He knows the odds of such success are long, indeed. He’s reminded of that every time he trips over the cardboard box in his basement that contains the remnants of the medical imaging device he hoped would revolutionize the way doctors probe the human body for disease. Ellingham sunk thousands of dollars into the device, before giving up after realizing he might well go broke before getting through all the testing required to bring the machine to market.
“I still think it’s a good idea,” he says, “but that experience taught me a valuable lesson: Never get too attached to an idea, however good it looks on paper.”
Marla Cowden, who joined the group a little more than a year ago, admits that’s a lesson she had to learn the hard way. A couple years ago, she had what she thought was a winning idea for her first invention — adhesive wall stencils for do-it-yourself home decorators. She drew up the designs and began preparing the materials for a patent application, only to discover well into the process that someone else had independently hatched the same idea. “If I had done better research beforehand I would have known that,” says Marla. “But it was a valuable experience just the same because it inspired me to keep going.”
The club’s central achievement is that it allows someone as inventive as Marla to meet up with people who possess all sorts of invaluable skills.
“There are many stages to getting an invention off the ground,” Ellingham says. “You think you’ve got the greatest invention since sliced bread and then you go blind reading the patent application.” Then there is the expensive, bewildering process of building the prototype.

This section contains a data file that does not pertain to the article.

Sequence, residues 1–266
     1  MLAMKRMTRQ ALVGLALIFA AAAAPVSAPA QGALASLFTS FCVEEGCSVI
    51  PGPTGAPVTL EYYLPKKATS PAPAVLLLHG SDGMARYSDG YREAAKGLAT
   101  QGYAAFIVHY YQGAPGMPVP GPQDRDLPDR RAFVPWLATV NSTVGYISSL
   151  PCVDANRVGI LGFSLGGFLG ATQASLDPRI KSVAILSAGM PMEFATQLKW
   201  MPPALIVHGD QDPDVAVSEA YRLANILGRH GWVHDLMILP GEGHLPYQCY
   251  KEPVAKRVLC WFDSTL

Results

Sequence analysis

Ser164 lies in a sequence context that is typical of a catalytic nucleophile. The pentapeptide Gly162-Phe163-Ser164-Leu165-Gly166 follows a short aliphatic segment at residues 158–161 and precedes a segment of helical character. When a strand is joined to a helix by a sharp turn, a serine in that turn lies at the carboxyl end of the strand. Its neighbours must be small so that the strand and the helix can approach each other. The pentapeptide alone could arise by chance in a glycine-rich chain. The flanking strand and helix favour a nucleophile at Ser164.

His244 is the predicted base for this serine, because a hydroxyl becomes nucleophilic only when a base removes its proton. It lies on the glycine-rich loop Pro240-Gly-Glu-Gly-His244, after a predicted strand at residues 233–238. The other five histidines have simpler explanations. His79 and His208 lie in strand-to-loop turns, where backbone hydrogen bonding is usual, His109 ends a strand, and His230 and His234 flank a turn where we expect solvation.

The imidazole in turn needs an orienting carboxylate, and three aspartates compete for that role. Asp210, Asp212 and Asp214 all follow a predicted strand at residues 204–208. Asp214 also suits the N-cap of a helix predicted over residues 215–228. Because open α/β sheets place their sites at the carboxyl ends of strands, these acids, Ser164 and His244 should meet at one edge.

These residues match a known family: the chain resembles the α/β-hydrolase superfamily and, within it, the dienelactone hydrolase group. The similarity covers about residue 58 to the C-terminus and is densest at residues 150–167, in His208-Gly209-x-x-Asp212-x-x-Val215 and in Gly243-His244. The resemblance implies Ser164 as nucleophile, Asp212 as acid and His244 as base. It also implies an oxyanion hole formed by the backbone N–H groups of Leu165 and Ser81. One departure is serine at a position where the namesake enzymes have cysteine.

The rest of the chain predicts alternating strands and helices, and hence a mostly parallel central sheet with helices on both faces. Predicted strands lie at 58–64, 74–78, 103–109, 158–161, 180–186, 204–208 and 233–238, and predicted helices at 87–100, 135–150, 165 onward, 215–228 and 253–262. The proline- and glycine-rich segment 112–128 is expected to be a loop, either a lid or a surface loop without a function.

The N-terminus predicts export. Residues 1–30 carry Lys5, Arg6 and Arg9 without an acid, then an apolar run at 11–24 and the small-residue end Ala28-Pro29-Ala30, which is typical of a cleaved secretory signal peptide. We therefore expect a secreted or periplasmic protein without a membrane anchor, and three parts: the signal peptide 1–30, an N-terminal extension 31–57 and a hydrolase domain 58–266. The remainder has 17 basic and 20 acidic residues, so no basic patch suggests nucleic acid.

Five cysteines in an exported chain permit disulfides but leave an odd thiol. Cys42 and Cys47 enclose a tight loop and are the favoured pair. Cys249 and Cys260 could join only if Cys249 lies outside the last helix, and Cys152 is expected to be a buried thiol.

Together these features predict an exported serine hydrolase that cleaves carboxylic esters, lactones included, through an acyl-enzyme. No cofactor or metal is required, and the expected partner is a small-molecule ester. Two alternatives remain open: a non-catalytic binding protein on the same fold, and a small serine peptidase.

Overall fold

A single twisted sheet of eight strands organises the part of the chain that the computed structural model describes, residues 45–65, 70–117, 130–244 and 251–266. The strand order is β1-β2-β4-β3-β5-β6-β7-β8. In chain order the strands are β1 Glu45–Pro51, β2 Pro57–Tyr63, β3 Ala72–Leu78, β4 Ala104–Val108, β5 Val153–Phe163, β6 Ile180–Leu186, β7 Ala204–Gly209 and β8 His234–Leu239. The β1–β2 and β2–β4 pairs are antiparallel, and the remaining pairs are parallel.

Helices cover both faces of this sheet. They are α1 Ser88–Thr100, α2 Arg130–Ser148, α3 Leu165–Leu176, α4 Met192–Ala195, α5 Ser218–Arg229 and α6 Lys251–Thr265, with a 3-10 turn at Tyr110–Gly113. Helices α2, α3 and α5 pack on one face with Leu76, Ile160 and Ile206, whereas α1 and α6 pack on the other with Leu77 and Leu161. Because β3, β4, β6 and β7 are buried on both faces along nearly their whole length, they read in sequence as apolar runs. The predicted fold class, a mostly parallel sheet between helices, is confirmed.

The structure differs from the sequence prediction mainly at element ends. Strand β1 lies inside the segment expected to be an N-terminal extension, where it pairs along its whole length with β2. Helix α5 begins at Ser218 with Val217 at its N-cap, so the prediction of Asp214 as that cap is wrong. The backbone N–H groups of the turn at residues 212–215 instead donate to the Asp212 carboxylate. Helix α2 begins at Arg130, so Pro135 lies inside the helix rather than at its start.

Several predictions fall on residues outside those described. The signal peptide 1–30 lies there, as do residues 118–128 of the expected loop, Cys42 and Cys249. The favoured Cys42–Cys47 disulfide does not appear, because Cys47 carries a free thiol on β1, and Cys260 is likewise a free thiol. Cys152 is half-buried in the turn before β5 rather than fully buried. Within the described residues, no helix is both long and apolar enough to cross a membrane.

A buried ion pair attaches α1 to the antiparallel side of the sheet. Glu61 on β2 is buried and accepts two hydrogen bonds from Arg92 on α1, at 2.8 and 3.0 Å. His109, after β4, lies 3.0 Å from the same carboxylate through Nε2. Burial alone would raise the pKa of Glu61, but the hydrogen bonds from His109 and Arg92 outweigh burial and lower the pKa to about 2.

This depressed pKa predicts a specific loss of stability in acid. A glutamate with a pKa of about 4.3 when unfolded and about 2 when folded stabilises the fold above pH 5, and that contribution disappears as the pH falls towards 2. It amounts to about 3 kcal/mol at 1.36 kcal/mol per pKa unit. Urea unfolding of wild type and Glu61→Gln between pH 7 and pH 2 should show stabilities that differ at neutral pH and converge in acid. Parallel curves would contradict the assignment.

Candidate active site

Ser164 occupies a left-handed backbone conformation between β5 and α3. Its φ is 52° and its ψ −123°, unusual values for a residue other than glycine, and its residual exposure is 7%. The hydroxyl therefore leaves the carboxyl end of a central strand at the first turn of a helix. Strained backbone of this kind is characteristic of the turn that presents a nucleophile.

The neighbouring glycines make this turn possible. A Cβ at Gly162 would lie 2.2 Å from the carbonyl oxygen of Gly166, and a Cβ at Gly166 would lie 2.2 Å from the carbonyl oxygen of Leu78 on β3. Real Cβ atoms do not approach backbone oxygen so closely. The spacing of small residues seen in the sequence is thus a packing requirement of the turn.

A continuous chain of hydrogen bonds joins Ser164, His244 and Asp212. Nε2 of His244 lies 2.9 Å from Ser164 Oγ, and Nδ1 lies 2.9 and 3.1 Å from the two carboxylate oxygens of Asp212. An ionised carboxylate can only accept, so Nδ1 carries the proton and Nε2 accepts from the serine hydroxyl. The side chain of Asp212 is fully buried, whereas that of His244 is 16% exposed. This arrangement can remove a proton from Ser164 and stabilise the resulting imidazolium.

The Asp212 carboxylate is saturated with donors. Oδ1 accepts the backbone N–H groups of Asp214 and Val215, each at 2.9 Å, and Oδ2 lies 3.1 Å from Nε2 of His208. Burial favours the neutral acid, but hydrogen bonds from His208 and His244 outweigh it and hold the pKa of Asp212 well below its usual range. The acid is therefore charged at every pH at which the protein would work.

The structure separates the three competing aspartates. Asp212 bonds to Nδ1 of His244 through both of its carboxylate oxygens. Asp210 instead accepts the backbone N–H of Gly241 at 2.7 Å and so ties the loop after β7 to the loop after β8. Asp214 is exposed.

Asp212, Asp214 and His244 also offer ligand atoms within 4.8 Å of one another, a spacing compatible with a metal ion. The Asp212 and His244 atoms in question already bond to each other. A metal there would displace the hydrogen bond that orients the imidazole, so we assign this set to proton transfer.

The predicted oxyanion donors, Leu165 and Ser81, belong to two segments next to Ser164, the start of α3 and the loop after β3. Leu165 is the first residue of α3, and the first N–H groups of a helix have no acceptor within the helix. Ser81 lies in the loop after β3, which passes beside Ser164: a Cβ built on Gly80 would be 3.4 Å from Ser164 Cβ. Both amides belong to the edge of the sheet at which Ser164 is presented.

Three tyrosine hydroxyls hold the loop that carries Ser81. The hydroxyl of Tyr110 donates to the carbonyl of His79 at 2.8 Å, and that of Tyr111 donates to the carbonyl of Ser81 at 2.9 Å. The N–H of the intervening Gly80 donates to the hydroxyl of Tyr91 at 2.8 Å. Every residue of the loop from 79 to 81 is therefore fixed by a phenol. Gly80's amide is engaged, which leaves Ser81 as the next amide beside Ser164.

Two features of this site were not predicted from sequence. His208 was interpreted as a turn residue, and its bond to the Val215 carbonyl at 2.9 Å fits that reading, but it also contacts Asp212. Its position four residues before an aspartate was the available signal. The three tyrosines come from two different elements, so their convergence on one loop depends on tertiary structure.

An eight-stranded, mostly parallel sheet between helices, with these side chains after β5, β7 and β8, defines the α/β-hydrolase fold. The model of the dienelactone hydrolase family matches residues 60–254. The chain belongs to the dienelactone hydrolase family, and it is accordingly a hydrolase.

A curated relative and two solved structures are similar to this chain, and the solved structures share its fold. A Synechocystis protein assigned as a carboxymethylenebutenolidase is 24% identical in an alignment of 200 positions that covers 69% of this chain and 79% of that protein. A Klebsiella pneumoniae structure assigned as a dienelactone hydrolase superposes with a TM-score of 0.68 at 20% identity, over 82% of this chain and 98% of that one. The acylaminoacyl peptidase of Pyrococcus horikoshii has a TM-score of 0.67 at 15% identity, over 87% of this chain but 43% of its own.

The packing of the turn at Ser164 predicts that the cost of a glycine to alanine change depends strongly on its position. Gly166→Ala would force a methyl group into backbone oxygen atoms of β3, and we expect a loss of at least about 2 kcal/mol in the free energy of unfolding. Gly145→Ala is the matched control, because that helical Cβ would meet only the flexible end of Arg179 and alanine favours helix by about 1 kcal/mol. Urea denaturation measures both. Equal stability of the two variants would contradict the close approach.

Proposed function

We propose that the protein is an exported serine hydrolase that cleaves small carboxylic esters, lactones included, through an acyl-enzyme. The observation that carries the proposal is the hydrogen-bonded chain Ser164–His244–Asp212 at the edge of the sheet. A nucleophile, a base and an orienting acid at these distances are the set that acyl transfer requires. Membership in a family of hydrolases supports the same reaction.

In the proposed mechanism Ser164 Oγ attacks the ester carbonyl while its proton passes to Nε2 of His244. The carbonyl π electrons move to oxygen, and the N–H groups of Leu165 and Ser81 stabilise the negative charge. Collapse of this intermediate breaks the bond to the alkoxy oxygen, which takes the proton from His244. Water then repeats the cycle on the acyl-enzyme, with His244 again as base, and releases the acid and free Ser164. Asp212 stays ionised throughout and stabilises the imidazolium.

Ellingham says proudly that Marla’s fellow inventors at the club were able to recommend some off-the-shelf extrusions that would suit her invention perfectly. “The stuff came from another field entirely. But somebody knew it would fit her project, and that saved her some time and money.”
And do not think that Marla and her brainiac cohorts are just having fun. John Ruhnke, a plumbing and heating contractor in Norwalk, will caution you sternly not to treat his fellow creators in the manner of Jay Leno, who will visit the national invention expos and mock the weirdest creations. “I love inventing!” he says. “Nothing is more thrilling. And the best part of inventing is developing the process. That’s actually what I do all the time when I figure out how best to heat someone’s house.” He has a patent pending on some software he’s developed that figures out the overall efficiency of a heating system. And on his company’s website he proudly displays Patent No. 6,129,523 for something called an “Air Purging Circulator.”
It might not sound all that romantic, unless your life is committed to invention. For that person, a patent is an object of bliss. As for the consumers who one day might enjoy the fruits of said invention, they will likely never know the sweat and the thrills that went into its creation.